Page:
I moved last year. Three things happened next.
First, I was forced to give up my excellent health insurance, because it was not available in Des Moines, Iowa - the insurance capital of the world. I live in a downtown converted loft with an insurance company’s name carved in stone at the entrance, so the irony is not lost on me.
Major invasive surgery without anesthesia is to Open Enrollment as getting kissed is to getting hit in the face with a shovel. In the end I chose a PPO plan based on two criteria: the relatively new non-statin cholesterol drug was on their formulary; and no HMO was available. It seemed like a good idea at the time.
Second, by leaving the coastal elite state where I retired for the bleeding red heartland, I was downgraded to my pension plan’s category of retirees about whom they give zero fucks, and my once excellent health benefits were reduced to a $3,000 health retirement account. And it’s not just worth a shadow of its former coverage; I now had to process my own claims and submit proof I paid for each specific service. I had two dozen appointments in January alone.
I cried when the benefits counselor told me he couldn’t be sure, but it looked like my new drug might be expensive. In my defense, I had finished my first double Manhattan by that point in our call. Is a spoiler alert warning necessary? Do insurance costs increase exponentially annually? Do third party contractors multiply like mold in a warm petri dish? It costs $375 for one month.
So far, I’m spending up to 8 hours a week on health insurance paperwork, including an appeal for approval of that drug that’s already on their formulary, plus another appeal of their denial to pay for a generic prescription I took for 20 years, plus an appeal for reimbursement of a claim to correct their mistaken denial, plus scanning in bills and receipts and filing claims, plus re-filing claims wrongfully denied, and plus navigating purposefully clunky and click-heavy websites that make an afternoon in voicemail hell seem like a walk in the park. I admit that I also take some time to compose masterfully snarky Strongly Worded Letters.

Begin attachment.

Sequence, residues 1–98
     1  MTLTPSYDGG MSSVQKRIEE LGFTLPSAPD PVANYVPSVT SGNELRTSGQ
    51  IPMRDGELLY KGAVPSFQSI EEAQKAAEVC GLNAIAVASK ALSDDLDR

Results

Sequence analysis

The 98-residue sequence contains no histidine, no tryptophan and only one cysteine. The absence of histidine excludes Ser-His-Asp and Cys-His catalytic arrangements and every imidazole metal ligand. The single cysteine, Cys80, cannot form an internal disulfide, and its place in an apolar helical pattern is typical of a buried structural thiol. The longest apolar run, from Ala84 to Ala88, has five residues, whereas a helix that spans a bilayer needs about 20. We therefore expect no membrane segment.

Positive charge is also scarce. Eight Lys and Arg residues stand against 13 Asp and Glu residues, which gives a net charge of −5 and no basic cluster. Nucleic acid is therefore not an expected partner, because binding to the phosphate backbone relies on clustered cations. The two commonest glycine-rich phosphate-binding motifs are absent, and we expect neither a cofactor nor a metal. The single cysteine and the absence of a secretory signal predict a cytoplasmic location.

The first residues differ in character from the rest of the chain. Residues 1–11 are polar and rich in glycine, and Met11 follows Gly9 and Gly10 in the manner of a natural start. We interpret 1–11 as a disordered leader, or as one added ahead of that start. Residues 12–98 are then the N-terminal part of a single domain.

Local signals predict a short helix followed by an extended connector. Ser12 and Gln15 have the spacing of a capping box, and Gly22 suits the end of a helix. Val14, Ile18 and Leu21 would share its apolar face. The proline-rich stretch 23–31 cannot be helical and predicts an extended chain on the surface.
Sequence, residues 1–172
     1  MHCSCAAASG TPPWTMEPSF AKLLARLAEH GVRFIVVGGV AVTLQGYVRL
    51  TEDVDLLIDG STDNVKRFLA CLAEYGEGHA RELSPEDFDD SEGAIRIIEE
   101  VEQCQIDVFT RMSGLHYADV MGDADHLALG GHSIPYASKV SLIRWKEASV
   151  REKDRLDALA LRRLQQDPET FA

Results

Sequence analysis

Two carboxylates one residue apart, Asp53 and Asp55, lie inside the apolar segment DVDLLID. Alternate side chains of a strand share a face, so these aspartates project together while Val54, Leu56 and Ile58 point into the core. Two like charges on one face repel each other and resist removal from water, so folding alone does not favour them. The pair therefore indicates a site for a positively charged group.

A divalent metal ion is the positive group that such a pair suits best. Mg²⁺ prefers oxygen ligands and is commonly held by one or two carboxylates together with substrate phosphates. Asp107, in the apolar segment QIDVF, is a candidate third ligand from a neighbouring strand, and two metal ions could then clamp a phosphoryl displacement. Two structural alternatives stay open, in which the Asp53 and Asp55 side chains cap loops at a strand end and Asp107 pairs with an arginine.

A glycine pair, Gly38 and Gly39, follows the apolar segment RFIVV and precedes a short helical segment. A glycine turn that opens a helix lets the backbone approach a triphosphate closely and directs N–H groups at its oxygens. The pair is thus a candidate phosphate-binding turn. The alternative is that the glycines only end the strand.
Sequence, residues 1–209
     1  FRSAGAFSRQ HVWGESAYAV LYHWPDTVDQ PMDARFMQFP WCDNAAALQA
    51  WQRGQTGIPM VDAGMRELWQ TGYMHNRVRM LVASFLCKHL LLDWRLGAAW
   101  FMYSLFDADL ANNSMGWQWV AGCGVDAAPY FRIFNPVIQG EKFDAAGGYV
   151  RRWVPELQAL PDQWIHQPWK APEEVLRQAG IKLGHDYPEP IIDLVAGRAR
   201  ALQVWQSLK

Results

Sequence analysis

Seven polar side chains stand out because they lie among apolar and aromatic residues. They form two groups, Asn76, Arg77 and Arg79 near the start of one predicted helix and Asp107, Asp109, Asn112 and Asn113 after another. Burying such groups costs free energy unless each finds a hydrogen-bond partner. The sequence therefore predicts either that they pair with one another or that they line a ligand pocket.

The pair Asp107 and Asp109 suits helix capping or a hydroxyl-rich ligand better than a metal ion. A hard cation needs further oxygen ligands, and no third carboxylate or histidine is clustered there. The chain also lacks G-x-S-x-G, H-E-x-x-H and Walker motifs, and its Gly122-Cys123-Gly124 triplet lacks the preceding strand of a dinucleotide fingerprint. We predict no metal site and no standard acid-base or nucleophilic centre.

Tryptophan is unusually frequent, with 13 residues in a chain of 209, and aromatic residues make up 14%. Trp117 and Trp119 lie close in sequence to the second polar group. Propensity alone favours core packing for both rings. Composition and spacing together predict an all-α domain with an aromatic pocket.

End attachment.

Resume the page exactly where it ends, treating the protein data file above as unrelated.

You may not know this, but not only is there an insurance clerk/computer algorithm between doctors and their patients. Those were the good old days. So far, and not counting >3 different online bill paying systems from the single network I have chosen, I have encountered the separate plan administrator hired by the pension system, the plan administrator's third party Open Enrollment system, a separate third-party claims processor responsible for issuing reimbursement payments (but not for approving payments, but you have to figure this out) plus an after-completion survey company. I have delved so deeply into this subcontractor hell that I tripped the survey company’s third-party profanity filter and was politely asked by a robot to clean up my shit and resubmit the survey.
My working theory is that all these people taking a slice of my catastrophically reduced benefits have agreed to make a certain level of ongoing low-grade problems for the patient-slash-customer that, regardless of the issue, the result is denial of payments or services. I am convinced they have tuned their systems to assure a pre-determined profitable ROI in dicking around until the patient gives up and goes away. Or, hopefully, dies.
The insurance industry must also be aware that a certain percentage of patients have nothing better to do than fuck with them. My superpower, both by nature and nurture, is bureaucracy. My Excel spreadsheets are meticulously cross-referenced, color-coded, formula-embedded records of every appointment tracking people, places, purposes, inconsistent reference numbers, costs, payments, claims and reimbursement, both covered by medical insurance and not covered but deductible for tax purposes. My mission is to cost them more than I’m worth, not even counting the fact that my actual health care is more expensive.
So, I knew.